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BBC Scotland's Eleanor Bradford reports
"The soft ground probably saved his life"
 real 56k

Monday, 9 April, 2001, 19:43 GMT 20:43 UK
Skydiver 'critical' after parachute fails
skydiving
Skydiving is a sport linked to risk and danger
The father of a skydiver whose parachute failed to open at more than 3,000ft has admitted it was a "miracle" that his son survived.

Craig Paton, 26, from Kilmarnock, is in a critical condition in Edinburgh Royal Infirmary after the accident in Perthshire at the weekend.

The accident happened at the weekend when his parachute failed to open correctly as he leapt from a Cessna light aircraft.

He fell to the ground in 60 seconds - a quarter of the time a normal descent should take at that height - hitting the ground at 40mph.

Injured skydiver Craig Paton
Craig Paton: Suffered chest injuries
Craig's father John, 51, said his son only agreed to do the jump at the last minute as a favour to his friends.

Mr Paton said: "Craig only told me on Friday night that one of the lads had dropped out of doing the jump and he said he had agreed to stand in at the last minute.

"I remember saying to him then 'What on earth have you gone and done that for?'

"It's a miracle that he's still alive, but that's the kind of person he is. He's totally unflappable.

'Here I go'

"I don't know enough about what happened or how it happened but that is all part of the inquiry now."

Mr Paton said his son's girlfriend received a text message moments before Craig boarded the plane on Saturday evening.

He said: "His girlfriend got a text message at around seven in the evening as he was about to get on the plane. All it said was 'Here I go'.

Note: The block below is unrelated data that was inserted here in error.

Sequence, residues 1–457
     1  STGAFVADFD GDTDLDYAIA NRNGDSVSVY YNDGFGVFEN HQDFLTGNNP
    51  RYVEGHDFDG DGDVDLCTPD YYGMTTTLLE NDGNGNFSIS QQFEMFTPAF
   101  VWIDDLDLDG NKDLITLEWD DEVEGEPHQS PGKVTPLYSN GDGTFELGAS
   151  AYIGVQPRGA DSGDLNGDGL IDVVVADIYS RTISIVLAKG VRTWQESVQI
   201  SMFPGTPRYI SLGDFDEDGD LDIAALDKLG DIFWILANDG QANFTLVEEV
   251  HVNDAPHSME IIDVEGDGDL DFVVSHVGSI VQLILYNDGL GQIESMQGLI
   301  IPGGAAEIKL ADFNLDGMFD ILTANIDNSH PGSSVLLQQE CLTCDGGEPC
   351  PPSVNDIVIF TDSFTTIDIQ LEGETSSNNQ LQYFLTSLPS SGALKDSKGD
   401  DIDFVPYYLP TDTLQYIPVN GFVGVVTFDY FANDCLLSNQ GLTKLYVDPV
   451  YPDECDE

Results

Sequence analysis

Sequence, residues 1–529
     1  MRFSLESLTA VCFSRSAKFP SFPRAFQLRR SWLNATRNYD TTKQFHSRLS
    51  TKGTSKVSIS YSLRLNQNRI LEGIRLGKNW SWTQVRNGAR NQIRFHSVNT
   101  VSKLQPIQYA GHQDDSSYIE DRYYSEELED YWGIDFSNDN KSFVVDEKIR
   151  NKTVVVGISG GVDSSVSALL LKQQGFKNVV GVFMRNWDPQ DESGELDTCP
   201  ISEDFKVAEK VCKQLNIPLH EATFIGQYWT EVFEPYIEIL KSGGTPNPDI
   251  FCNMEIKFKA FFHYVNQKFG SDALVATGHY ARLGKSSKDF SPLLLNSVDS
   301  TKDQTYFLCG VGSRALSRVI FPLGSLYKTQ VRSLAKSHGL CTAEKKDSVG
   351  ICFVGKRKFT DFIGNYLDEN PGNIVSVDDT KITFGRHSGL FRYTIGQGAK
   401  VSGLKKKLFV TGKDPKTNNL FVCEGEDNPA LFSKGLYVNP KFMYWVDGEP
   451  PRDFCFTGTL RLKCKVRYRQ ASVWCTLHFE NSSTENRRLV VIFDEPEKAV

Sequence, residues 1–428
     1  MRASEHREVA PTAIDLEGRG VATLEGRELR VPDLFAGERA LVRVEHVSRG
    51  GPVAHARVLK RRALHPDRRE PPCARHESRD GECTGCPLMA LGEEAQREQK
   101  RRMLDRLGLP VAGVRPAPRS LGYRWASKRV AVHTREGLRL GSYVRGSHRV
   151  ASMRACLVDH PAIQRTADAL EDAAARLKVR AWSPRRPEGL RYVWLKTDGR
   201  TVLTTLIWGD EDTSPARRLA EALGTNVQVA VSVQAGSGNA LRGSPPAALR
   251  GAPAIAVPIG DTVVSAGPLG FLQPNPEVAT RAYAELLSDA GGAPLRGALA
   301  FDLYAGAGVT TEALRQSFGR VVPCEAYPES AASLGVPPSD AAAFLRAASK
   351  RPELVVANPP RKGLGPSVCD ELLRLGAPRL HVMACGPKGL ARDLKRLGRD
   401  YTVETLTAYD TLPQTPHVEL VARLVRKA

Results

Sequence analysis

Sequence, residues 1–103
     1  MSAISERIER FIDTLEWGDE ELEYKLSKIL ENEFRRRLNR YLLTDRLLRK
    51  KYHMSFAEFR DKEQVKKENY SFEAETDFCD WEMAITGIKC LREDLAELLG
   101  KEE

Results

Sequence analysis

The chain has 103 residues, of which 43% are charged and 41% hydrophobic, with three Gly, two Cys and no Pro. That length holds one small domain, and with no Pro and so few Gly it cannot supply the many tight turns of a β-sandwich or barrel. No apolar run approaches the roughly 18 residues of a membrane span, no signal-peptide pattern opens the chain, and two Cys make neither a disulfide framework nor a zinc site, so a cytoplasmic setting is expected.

"The next thing we knew was when his girlfriend came to our house later on in the evening and told us what had happened."

Mr Paton said police had told him that where Craig landed had probably saved his life.

"The police could not believe that he was still alive when they arrived at the airfield.


Heaven knows why the boy is still here - someone up there must be looking after him

John Paton, father
"Apparently they said when they got to him he was still conscious, saying 'What have I done now?'

"The police said that he had landed on the banking of the road and he actually slid down the bank feet first.

"It seems that that is what saved him because he somehow managed to avoid the road or the fence. It's amazing.

"His grandmother was a parachute packer during the war and she had a few stories to tell about it then.

"Whether one or two bits of advice have washed out on him from her I couldn't say.

"But heaven knows why the boy is still here - someone up there must be looking after him."

Kieran Brady
Kieran Brady was piloting the plane
Mr Paton said his son helps him with his milk business but also runs his own newsagent shop in Kilmarnock.

The group with Craig had been doing the jump for charity, but his son had not because he was a last-minute substitute.

Craig's mother Marion, 53, was at her son's bedside on Monday.

He suffered chest injuries with internal bleeding while doctors said he had possibly cracked several ribs and chipped a bone in his back.

They said he still had movement in his limbs and had been lucky not to have suffered more serious injuries.

Meanwhile, the pilot of plane from which Craig jumped today described him as "an extremely lucky man".

'Critical but stable'

Kieran Brady, chairman of the Sky Divers Strathallan Club, said Craig was lucky not to have been killed during the accident at Strathallan Airfield, near Auchterarder.

"I know that he suffered a parachute malfunction which resulted in him having a partially-opened canopy, the result of which he descended faster than would have been expected."

Investigations into the accident have been launched by Tayside Police and the British Parachute Association.

After the accident Craig was taken to Ninewells Hospital in Dundee, but was later transferred to Edinburgh Royal Infirmary.

A hospital spokeswoman said his condition was critical but stable.

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Skydiver aims for high-altitude mark
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02 Jan 01 | Wales
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01 Aug 99 | Americas
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